Wednesday, July 30, 2008
Erin Brockovich; drama, USA, 2000; D: Steven Soderbergh, S: Julia Roberts, Albert Finney, Aaron Eckhart, Marg Helgenberger, Tracey Walter, Peter Coyote, Cherry Jones, Erin Brockovich-Ellis
Erin Brockovich has two wrecked marriages behind her, is unemployed and has to alone take care of her under aged son and two daughters. When she gets injured in a car accident, she hires lawyer Ed Masrey to represent her at trial, but loses. Still, she persuades him to hire her. Erin starts investigating polluted drinking water in a small town that has too much poisonous Hexavalent chromium and thus sues the company responsible for it, "PG & E". At the trial, the company loses the case and has to pay 333 million $ to the sick inhabitants.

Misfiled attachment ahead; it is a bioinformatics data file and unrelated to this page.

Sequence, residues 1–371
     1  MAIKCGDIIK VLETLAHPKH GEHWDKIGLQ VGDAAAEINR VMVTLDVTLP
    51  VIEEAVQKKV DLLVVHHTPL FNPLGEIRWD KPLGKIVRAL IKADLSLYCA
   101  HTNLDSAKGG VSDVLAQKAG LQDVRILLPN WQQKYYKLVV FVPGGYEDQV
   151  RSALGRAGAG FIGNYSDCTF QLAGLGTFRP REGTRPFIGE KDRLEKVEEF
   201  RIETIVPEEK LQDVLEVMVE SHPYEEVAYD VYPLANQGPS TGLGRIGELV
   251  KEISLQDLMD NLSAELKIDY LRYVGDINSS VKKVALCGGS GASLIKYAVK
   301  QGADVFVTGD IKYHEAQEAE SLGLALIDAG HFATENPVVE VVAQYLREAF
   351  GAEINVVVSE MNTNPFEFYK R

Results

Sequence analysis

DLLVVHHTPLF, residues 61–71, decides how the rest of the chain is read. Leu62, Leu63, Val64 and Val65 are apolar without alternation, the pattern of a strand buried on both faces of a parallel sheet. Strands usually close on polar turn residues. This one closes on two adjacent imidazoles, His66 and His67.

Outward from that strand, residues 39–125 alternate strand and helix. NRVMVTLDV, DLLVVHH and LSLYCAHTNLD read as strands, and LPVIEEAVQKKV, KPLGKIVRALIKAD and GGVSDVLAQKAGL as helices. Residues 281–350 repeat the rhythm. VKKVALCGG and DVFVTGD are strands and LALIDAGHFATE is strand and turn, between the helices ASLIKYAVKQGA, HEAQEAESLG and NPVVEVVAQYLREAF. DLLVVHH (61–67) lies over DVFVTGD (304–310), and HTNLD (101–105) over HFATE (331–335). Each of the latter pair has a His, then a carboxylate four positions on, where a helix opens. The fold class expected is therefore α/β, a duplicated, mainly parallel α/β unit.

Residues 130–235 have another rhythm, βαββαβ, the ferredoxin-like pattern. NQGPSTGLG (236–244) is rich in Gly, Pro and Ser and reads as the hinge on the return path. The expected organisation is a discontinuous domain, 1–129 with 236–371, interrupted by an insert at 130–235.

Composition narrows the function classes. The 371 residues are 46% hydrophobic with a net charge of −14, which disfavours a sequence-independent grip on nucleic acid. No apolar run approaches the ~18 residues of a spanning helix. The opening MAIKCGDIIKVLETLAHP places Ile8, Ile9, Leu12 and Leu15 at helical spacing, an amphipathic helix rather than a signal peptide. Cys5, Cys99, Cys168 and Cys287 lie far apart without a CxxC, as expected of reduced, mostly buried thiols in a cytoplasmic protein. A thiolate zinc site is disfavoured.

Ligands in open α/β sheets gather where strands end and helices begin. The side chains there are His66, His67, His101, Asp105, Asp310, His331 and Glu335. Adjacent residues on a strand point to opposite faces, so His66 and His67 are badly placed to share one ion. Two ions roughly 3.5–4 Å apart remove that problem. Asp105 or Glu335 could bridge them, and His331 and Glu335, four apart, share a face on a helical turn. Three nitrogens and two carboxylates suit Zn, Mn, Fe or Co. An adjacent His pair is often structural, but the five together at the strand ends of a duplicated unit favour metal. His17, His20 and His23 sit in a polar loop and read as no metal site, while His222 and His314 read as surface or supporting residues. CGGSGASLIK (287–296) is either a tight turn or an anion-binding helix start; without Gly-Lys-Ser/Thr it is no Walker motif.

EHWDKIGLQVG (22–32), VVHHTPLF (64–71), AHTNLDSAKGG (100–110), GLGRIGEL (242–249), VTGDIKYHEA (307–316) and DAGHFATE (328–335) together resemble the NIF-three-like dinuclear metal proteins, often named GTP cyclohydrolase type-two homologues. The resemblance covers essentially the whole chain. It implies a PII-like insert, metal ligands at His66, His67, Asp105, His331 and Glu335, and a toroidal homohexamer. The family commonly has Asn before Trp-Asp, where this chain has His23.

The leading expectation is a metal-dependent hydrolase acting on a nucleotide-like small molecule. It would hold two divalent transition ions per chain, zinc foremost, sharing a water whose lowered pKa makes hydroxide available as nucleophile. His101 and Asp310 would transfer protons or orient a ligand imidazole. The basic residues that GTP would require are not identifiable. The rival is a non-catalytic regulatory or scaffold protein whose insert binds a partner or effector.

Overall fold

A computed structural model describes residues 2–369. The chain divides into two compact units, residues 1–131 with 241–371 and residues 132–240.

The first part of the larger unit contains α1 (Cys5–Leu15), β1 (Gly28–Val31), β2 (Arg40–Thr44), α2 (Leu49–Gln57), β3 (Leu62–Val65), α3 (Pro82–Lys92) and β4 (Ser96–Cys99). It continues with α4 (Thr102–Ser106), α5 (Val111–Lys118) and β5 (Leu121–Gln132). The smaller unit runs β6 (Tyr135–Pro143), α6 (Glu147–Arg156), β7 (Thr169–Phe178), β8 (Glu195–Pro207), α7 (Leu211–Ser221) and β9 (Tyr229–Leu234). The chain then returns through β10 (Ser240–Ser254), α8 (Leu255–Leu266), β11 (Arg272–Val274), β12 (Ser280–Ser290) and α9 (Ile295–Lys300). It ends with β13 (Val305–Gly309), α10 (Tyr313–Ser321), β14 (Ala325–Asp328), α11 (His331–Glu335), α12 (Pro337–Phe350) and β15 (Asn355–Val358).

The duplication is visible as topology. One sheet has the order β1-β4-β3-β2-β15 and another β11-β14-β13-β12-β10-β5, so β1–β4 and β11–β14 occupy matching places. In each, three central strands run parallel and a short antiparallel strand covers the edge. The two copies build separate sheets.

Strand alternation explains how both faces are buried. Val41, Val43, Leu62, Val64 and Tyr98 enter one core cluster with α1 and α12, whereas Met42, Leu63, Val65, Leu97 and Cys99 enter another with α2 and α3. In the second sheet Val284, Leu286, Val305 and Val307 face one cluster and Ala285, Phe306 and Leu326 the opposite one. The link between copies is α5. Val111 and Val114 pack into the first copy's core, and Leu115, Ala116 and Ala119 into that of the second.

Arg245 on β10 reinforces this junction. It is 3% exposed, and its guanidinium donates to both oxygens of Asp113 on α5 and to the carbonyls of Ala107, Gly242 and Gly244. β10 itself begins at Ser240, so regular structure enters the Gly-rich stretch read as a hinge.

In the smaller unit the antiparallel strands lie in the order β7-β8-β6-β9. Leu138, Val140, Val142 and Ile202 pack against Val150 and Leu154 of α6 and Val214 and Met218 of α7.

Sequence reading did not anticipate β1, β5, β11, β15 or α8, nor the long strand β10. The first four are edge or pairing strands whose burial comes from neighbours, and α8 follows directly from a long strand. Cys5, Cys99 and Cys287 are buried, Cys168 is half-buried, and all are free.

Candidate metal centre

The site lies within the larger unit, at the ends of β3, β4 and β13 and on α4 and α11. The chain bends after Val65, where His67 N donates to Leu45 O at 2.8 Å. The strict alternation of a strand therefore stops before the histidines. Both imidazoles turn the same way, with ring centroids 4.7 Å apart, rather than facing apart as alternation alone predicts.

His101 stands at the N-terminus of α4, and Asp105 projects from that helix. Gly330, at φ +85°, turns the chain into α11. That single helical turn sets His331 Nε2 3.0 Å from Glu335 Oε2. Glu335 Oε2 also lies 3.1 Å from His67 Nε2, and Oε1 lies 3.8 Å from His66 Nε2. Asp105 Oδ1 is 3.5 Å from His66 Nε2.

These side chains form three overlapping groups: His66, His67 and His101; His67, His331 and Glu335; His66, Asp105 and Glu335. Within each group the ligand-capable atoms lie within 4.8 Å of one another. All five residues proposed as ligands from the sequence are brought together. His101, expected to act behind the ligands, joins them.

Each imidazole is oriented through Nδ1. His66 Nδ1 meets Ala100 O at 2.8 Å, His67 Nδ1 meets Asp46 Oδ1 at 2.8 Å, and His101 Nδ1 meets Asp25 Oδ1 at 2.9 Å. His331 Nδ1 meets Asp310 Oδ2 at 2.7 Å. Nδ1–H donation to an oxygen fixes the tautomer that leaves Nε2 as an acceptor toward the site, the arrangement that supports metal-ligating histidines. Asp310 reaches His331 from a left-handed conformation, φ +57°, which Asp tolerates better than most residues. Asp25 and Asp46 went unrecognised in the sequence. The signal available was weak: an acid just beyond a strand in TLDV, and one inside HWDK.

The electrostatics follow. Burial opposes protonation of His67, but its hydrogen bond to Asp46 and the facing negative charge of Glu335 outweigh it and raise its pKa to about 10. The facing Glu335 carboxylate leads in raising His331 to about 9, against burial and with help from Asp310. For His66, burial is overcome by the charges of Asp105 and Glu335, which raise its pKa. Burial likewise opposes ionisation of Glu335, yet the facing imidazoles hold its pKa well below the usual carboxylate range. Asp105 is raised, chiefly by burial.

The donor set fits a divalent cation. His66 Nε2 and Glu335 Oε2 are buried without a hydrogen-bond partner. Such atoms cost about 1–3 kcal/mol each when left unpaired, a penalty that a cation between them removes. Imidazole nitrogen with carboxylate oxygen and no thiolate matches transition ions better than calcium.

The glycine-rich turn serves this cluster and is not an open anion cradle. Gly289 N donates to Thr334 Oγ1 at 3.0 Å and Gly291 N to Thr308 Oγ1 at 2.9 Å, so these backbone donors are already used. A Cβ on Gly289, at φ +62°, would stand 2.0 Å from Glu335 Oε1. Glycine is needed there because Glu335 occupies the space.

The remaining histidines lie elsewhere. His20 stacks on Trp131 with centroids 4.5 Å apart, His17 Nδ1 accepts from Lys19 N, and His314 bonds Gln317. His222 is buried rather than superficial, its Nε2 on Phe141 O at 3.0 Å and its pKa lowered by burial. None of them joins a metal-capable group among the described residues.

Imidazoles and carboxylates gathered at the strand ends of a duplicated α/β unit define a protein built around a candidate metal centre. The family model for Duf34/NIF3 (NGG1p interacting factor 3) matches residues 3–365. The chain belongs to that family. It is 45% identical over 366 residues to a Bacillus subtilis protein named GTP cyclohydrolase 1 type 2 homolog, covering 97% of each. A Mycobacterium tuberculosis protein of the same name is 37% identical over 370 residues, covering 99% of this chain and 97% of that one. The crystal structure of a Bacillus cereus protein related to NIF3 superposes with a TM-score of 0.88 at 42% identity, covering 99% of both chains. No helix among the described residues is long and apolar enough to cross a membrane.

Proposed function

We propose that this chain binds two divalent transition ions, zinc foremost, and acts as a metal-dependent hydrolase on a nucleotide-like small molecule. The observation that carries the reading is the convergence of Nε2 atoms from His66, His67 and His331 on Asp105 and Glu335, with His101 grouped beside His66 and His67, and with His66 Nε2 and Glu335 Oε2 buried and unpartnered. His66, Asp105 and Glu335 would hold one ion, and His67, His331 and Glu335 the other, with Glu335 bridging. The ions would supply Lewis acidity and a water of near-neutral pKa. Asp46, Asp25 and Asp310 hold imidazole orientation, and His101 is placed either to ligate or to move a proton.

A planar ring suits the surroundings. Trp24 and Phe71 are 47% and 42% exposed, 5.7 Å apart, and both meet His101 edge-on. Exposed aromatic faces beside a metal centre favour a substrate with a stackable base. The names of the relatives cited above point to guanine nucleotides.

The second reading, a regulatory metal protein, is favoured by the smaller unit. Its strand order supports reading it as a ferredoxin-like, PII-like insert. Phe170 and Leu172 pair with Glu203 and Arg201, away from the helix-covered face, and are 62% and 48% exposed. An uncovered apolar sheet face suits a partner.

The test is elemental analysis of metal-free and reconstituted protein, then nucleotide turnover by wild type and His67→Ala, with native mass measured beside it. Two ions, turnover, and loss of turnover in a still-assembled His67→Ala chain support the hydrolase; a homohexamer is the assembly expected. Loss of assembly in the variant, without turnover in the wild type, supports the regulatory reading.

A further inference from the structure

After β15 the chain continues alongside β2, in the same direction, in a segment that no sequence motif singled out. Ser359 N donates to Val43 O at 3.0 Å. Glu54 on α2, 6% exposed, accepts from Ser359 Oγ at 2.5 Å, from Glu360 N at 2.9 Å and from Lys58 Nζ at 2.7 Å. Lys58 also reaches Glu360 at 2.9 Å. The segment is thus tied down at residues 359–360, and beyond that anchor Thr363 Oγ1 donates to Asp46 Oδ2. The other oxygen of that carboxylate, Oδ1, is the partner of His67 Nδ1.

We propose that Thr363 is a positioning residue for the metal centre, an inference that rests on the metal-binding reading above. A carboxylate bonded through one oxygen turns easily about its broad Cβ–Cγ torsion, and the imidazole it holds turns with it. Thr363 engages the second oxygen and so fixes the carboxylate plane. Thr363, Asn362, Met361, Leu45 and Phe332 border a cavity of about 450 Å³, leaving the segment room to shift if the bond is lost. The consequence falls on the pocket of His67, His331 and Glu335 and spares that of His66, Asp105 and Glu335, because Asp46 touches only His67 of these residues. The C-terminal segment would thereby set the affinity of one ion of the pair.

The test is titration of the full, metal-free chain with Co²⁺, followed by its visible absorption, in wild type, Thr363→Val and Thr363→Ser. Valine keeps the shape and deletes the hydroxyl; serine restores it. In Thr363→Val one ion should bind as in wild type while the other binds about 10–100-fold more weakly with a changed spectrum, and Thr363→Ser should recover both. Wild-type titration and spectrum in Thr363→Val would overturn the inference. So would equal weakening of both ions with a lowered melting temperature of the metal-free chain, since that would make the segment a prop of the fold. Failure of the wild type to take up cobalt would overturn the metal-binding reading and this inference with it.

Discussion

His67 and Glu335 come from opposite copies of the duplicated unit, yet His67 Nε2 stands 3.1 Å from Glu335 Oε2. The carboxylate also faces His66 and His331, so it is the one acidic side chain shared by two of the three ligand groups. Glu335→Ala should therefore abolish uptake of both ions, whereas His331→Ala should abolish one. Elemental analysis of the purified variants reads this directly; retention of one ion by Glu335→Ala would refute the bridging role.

Hugely popular back in it's time, drama "Erin Brockovich" based on real events is today a rather forgotten achievement that didn't leave a bigger impression in the history of cinema. Still, it's a matter of a sympathetic and neat little film that is accessible in analysing the dark consequences of the powerful corporations and small people fighting against them. The first half is the best since it describes the tough, strong independent woman Erin (surprisingly solid Julia Roberts who didn't giggle with mannerisms all the time): she swears, constantly wears mini skirts, is a single mother and when her neighbor George asks her for her phone number she replies to him in this way: "You want my number? Let's start with 10. That's how many months my daughter has. 8 and 6 is how old my son and my other daughter are. 2 is the number of my failed marriages. And 0 is the number of how many times you are going to call me!" The performance by Roberts works, but is too idealistic, unrealistic and schematic at times (a heroine "larger than life" who is always right and speaks epic phrases), yet she does have several great, delicious scenes. The second half of the film is visibly weaker and manipulative, but one cannot stay immune to the idealism of these characters.